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January 04, 2009

An Untold American Success Story; Part 8

The last entry dealt more extensively with shamans than with the psychedelic agents that had excited their interest, thus I still have that deficiency to contend with. Along the way, I’ll probably be as likely as ever to take on obvious drug war absurdities whenever that opportunity arises. I should also note that the challenge of writing a summary of what I’ve learned from studying applicants for the (contested) right to use marijuana legally in California has enhanced my knowledge of several academic disciplines in ways I could not have imagined. In that connection, the very existence of the internet and the increasing power of Google to search it have been invaluable.

The last fifteen or so years have witnessed the beginning of a golden age of Information Technology, one in which more of the total knowledge accumulated by humans has been made more accessible to more people than ever. In many respects, a moderately fast modern computer and an internet connection now provide twenty four hour a day access to a library of unprecedented size; the down side is that an enormous amount of misinformation is included; thus one must also have some means of sorting out “truth” from that which is false. Thus we return to what has always been square one of cognition: what to believe?

In an earlier entry , I explained why I think that only in the past century or so (less than the metaphorical blink of an eye), have we accumulated enough evidence to place our faith in empirical science rather than ANY religious belief. In a very real sense, the information explosion we now find ourselves in gives our species the power to transform human society at a time when such a transformation was never more desperately needed. Whether that happens, and the speed at which it might occur, are both obviously unpredictable; but that need to change and its urgency have never been more obvious.

Another requirement, perhaps most critical of all, is that we abandon our futile search for an absolute system in which to believe. The connection between that need and drug policy should also obvious, but unfortunately, is not. Our brain, the organ that makes our species unique among life forms, is the only one capable of accumulating, storing, and retrieving information for later use. Over the past three centuries or so, the growing impact of those uniquely human abilities on our planetary habitat has been enhanced to a point where we are now literally able to threaten most planetary life with destruction; yet we remain as incapable of rational regulation of our own behavior as ever.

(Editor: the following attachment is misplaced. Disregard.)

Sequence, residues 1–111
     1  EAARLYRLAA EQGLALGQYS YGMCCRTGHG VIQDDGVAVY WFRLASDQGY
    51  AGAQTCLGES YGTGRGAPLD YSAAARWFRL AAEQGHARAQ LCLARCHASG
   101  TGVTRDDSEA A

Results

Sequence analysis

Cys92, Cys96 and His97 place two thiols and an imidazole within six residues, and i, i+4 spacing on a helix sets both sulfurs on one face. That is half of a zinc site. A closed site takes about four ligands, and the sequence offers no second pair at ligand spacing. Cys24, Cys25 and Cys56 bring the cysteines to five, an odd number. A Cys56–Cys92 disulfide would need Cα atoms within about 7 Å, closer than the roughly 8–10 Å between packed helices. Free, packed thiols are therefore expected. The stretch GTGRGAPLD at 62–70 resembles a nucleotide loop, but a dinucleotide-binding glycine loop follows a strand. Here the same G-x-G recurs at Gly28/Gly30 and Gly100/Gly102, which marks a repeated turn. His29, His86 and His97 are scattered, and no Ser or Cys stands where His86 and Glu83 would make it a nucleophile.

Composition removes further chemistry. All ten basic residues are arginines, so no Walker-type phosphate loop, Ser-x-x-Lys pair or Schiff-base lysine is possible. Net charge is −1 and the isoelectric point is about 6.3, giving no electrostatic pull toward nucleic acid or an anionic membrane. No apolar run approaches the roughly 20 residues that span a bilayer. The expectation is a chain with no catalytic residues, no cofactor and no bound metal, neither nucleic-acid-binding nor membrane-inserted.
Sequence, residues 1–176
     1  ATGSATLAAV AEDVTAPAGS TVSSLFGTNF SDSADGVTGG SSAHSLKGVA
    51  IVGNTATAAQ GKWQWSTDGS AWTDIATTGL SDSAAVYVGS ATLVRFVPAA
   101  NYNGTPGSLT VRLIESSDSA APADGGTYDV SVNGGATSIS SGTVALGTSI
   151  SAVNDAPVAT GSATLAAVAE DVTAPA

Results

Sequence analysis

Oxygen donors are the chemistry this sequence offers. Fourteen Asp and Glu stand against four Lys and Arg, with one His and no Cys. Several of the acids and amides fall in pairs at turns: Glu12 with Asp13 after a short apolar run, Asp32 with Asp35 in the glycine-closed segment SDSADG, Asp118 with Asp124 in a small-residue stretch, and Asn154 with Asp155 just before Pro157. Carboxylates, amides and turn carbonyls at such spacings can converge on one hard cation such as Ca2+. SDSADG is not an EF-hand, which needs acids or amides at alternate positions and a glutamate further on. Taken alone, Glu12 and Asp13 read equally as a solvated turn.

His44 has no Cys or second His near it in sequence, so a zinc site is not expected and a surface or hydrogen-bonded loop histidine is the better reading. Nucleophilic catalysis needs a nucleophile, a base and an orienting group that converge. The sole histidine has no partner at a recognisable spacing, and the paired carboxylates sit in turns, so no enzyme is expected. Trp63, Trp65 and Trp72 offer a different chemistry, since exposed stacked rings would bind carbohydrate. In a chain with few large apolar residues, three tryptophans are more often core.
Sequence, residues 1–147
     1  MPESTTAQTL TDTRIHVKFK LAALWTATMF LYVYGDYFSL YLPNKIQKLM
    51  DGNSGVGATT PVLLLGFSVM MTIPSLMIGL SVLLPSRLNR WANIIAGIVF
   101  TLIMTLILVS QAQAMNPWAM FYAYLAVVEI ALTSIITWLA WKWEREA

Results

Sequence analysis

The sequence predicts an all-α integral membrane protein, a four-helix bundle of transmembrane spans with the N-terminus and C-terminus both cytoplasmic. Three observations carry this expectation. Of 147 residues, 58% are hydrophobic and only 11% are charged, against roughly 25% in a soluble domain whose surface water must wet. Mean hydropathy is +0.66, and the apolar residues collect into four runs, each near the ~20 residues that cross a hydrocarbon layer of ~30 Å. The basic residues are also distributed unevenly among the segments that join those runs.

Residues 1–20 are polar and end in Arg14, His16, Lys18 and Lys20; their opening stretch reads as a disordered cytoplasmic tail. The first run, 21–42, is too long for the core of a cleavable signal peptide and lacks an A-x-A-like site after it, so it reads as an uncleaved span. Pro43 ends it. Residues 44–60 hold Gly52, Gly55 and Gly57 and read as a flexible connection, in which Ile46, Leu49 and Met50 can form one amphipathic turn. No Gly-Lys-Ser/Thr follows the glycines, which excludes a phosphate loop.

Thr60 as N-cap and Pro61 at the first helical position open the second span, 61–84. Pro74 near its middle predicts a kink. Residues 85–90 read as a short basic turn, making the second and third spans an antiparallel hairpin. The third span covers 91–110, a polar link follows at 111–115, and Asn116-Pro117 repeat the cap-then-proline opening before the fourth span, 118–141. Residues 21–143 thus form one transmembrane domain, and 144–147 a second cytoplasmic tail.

Rather than inflaming partisan emotions, the purpose of the last two links was to show how easily one can find evidence of intractable human conflicts and how easily they can escalate beyond rational compromise. I could just as easily have cited ongoing conflicts between Republicans and Democrats, Pakistan and India, North and South Korea, or any one one of several (violent) sectarian religious disputes. To state the obvious as succinctly as possible: irrational belief in the power of force to solve problems is itself a problem we need urgently to address. Thus do we need to change the way we think. Not only should we discard ALL religious absolutes, but we must also find an ability to sniff out new forms of religious thinking before they seduce millions of followers while, at the same time, remembering that reason can be only means of persuasion allowed.

To return to the question of why drug policy is important, ours is one of criminal prohibition that continues to insist that it's one of "control." It's based on the myth that it's a form of public health, yet it's a potent force for spreading AIDS and Hepatitis C. While we trumpet a need for the "rule of law," widespread police corruption by illegal drug markets has been just as obvious as the failure of alcohol prohibition in America, yet the two phenomena are rarely compared, except by known drug policy opponents.

Are we capable of change we can believe in? The hour is late.

Doctor Tom

Posted by tjeffo at January 4, 2009 05:10 PM